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Paul as Ambassador and Apostle

T o describe his mission of preaching the Gospel and guiding the communities
towards maturation in Christ, Paul uses a broad array of rich metaphors. Here are the
most important of these:

First, Paul uses metaphors of representation, like the word ambassador which, though
rarely used by Paul, expresses something very important about his self-
understanding. As ambassador, Paul sees himself as an agent or representative of
God with a very important message: reconciliation of God through Christ offered to all
nations (2 Cor 5:18-20). But Paul (along with other missionaries) is not only a
messenger: his mission is an actual participation in God’s reconciling activity.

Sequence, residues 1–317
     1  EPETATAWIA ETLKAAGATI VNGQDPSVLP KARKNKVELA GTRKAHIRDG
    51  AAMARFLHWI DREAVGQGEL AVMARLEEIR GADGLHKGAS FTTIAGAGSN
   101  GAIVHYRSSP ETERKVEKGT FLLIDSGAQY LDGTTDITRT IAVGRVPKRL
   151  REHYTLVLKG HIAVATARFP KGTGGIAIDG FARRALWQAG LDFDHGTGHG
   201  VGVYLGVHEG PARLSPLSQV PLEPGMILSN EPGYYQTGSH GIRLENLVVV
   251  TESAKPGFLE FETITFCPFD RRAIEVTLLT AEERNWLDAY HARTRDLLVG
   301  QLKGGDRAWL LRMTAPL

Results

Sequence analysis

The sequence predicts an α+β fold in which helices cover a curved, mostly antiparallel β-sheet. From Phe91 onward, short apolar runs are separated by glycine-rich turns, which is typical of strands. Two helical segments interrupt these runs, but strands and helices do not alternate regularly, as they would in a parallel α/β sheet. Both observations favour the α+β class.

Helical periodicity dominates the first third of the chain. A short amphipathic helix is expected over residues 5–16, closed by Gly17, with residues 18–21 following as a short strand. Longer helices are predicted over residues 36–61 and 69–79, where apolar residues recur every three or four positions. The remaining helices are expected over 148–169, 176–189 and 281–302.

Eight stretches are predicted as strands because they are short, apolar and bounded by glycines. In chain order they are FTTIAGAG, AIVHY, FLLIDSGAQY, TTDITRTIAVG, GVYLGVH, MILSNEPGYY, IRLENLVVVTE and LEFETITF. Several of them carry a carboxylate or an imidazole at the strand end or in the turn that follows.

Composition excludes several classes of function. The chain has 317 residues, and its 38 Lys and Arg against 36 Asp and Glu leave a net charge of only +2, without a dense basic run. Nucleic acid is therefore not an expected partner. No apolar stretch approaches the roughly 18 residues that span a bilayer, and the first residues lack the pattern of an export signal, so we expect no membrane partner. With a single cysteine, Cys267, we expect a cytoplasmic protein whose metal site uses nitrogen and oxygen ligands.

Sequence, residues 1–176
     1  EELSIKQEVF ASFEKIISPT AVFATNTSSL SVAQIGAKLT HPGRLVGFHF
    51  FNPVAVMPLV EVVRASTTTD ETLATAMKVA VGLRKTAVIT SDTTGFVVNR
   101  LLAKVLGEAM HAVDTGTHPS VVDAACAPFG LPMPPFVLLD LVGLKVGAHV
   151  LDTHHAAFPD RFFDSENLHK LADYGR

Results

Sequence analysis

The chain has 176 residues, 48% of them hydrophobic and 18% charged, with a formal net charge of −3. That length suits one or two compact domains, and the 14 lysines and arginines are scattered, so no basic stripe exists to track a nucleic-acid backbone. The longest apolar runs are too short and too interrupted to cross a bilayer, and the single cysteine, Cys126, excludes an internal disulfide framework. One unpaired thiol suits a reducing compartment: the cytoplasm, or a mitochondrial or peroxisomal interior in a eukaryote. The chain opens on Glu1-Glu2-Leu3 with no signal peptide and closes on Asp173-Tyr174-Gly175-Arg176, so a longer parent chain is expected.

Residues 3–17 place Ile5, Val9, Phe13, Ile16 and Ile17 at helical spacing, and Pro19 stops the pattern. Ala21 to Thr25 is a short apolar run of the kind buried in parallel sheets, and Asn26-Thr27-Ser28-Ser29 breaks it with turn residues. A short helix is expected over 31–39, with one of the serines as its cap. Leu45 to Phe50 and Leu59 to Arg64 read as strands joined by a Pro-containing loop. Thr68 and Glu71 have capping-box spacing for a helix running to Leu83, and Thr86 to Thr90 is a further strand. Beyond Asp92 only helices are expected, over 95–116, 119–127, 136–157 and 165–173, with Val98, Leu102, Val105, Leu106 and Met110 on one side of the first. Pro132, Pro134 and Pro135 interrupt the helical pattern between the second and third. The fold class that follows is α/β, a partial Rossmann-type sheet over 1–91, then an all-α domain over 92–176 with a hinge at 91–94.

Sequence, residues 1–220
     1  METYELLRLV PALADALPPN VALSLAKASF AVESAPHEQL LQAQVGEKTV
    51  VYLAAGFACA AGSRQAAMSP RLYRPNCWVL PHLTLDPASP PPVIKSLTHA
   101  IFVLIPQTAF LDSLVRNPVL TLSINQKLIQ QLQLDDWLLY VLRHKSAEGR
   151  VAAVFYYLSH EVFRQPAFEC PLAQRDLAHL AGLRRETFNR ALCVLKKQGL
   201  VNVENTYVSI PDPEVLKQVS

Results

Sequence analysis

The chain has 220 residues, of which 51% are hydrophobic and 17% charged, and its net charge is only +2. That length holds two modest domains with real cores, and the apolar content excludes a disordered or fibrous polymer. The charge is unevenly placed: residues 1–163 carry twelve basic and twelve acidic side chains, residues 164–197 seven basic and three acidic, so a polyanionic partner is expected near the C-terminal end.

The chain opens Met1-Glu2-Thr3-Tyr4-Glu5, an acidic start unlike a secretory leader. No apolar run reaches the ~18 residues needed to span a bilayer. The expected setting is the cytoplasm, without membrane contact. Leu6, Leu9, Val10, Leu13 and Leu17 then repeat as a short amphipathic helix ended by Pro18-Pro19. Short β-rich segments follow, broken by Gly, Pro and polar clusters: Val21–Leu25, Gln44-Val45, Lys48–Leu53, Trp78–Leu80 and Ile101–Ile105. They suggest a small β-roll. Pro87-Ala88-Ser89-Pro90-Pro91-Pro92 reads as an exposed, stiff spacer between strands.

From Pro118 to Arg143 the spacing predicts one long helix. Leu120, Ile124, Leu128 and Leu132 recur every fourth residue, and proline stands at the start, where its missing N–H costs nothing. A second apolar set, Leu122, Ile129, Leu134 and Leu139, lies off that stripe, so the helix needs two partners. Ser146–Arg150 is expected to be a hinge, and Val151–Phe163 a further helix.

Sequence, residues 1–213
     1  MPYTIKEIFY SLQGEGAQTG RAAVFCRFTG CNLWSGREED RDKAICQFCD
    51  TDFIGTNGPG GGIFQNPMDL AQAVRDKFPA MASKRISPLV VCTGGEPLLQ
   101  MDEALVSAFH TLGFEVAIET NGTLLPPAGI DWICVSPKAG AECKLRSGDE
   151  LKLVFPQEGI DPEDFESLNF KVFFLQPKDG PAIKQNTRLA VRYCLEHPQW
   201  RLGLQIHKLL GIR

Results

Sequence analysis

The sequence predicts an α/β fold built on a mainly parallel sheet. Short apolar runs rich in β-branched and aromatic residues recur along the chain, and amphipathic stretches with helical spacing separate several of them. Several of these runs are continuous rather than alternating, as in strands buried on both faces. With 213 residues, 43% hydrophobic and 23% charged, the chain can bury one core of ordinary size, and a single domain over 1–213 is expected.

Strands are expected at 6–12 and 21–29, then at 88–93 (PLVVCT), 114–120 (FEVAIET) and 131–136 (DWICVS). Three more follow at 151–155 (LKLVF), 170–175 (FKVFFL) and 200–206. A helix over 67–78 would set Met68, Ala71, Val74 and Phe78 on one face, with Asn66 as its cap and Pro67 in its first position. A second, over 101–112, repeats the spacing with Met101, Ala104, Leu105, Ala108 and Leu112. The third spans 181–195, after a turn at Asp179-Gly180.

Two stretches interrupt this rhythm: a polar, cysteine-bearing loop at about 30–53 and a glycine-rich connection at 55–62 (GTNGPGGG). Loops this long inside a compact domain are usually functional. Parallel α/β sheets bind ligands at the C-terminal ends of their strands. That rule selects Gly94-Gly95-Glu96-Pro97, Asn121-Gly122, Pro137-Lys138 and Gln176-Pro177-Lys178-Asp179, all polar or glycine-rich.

What is true of “ambassador” is also true of Paul as apostle, a more frequent self-
designation. An apostle brings to mind an envoy, a representative of a higher authority and who is to be received
accordingly (Jn 13:20). In the New Testament, Christ himself is described as the envoy (“sent one”) by God; the
Twelve are sent by Jesus; Paul is an envoy of God or Christ; people like Timothy and Titus serve as envoys of
Paul; and individual church communities send emissaries. In Paul’s case, his sense of vocation comes from the
conviction that he had been called by God and sent to the Gentiles (Rom 1:4-5).